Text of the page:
Let it snow? (somewhere else)
Saturday March 03rd 2007, 12:10 pm
Filed under: Life,Non-Knitting

When my husband was considering a job offer in California, the offer letter solemnly promised, “No home delivery of snow.” Right there, in writing, with the added note saying, “and if you think you do see some, go back to bed for an hour. It’s just an illusion. It will be gone.”

We had 70″ of snow in two and a half weeks right before we moved out of New Hampshire 20 years ago, and they got hit with 15″ more the day after we left.

My friend Leanne lived around the corner from us in a cul-de-sac. Right after our development was built, the town of Merrimack banned builders from creating any more cul-de-sacs, for the very reason Leanne got stuck with: the snowplows would go through hers, pushing all the snow off the road from that big circle, piling it up and up and up and finally depositing it across the fronts of everybody’s yards and driveways.

I used to racewalk every morning for four to five miles before my small children woke up, time to exercise, time to myself, time to wave hi at the neighbors without distractions. So I got to see what it was like for Leanne.

Picture a Cape Cod saltbox, two stories high with a small front yard so the house was near to the road, that, standing in the street near the house, you could not see that house for the height of the snowbank in front of it.

Now, picture a mom with three kids under four years old, including a small baby. A husband stuck overseas on business on a work assignment that was only supposed to be for a few days, but that had ground on into several weeks. Now picture all that snow. What are you going to do? Do you take your babies outside in that weather for the amount of time it’s going to take to shovel that whole driveway and That Pile all by yourself? How do you have any energy for your children afterwards? Do you leave them inside, unattended, for all that time? Do you slip out when they’re napping, hoping they don’t wake up, that the baby doesn’t decide it’s hungry when you can’t hear it, yadda yadda. What do you do?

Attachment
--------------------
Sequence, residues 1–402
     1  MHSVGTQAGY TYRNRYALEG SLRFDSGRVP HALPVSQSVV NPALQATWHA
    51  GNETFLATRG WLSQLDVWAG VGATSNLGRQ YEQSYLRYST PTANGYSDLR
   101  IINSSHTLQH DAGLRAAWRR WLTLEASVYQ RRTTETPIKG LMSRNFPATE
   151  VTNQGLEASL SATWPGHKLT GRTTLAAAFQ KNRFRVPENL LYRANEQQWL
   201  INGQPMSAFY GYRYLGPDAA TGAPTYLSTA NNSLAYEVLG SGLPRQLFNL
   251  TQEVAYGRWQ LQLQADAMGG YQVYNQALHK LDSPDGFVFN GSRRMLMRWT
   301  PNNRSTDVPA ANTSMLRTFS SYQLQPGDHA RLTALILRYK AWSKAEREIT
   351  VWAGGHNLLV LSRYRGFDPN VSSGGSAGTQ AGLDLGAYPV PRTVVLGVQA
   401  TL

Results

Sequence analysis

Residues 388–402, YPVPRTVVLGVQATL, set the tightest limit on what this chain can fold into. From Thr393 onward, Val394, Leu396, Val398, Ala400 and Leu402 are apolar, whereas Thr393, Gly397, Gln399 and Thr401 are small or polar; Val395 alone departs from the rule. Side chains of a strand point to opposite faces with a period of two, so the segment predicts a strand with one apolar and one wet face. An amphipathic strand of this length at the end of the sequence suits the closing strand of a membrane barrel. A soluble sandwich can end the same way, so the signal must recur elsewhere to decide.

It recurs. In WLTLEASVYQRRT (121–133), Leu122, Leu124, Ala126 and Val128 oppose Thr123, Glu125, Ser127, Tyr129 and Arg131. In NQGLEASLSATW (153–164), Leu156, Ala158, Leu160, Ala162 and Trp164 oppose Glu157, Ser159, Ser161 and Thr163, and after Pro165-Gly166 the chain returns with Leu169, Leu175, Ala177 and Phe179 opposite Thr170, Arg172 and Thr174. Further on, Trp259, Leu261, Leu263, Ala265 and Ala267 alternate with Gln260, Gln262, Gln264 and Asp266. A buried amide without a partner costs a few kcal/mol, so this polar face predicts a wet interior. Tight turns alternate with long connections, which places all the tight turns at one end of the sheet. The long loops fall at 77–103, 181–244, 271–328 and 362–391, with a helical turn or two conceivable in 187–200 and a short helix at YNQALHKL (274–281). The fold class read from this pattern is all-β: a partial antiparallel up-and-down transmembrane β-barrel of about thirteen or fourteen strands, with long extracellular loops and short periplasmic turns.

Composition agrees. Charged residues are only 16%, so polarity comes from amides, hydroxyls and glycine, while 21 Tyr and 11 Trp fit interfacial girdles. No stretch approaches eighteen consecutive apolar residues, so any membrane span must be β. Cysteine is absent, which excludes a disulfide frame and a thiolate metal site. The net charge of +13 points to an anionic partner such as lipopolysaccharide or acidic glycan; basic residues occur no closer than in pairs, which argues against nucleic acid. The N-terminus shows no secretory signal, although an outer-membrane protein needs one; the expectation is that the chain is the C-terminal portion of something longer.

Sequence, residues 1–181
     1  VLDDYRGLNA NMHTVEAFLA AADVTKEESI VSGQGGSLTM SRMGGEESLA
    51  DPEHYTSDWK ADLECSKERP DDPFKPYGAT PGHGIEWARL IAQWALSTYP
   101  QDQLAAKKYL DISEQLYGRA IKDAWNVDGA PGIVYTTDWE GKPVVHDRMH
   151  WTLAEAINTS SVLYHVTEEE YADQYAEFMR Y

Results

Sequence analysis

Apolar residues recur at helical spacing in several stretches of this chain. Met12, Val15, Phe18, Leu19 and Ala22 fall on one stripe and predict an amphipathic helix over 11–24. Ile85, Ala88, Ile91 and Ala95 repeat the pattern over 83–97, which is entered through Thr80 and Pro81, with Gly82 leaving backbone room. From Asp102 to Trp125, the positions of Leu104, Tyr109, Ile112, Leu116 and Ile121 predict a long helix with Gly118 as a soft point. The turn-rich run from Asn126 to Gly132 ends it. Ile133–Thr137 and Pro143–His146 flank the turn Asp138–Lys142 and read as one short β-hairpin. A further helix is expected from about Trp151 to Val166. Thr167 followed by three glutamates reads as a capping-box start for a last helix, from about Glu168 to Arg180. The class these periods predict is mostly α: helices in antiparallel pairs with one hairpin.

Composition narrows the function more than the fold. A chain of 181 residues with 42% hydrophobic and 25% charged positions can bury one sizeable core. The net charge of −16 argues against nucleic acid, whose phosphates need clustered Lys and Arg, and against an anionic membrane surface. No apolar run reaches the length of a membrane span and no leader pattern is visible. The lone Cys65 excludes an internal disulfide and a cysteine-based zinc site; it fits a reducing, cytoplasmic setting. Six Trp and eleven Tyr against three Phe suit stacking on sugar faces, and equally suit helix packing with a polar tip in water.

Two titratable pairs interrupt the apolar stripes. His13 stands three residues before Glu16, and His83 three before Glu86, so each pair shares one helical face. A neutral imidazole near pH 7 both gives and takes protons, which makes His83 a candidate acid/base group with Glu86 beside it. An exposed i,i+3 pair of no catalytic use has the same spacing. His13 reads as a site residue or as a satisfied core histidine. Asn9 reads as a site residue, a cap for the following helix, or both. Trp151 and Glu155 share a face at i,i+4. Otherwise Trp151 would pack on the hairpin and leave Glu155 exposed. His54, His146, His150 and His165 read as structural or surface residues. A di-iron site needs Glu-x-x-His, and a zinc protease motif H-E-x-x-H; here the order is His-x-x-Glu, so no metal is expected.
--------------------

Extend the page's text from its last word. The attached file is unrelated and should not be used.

My own husband used to travel a lot, and issues like these helped contribute to our decision to take the job in California. Our last child, born here, was the first pregnancy where I didn’t have to push my Toyota out from being stuck in the snow–by myself!–in that condition.

The biggest blast of that three-week off-and-ongoing snowstorm happened on a Saturday night. Leanne, like me, is a Mormon. She had a home teacher from church who had young teenage sons–and Mike looked at that brewing storm and knew from his own family’s experiences when his kids had been younger that Leanne was going to need help.

So: without saying anything. He and the boys got up early enough Sunday morning to dig their own car out, and then they headed over to Leanne’s. The snowplow had gone through, and the heavy, densely-compacted pile across the bottom of her driveway–never mind tackling the rest of the driveway–towered very much above their heads. They took their snowshovels and had at it.

Which means that when Leanne woke up that morning, expecting yet more snowboundedness on the one day of the week she could otherwise have had some actual adult company, some relief to help keep her sanity, some support while her husband was stuck in Singapore and unable to help, she saw–

–a clear path out all ready to go. Be our guest. Happy Sunday. See you at church.

And that, ever since, has been the story I’ve wanted to live up to of what true service to another person can really be about.


3 Comments so far
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That’s beautiful. Hooray. πŸ™‚

Comment by Kristine 03.03.07 @ 3:42 pm

What a kind thing to do! πŸ™‚

Comment by Romi 03.04.07 @ 4:19 pm

And if memory serves, church started at 9 am and it took 20-25 minutes to get there. Those men must have started shovelling at something like 5 am or earlier.

Comment by AlisonH 03.04.07 @ 8:05 pm



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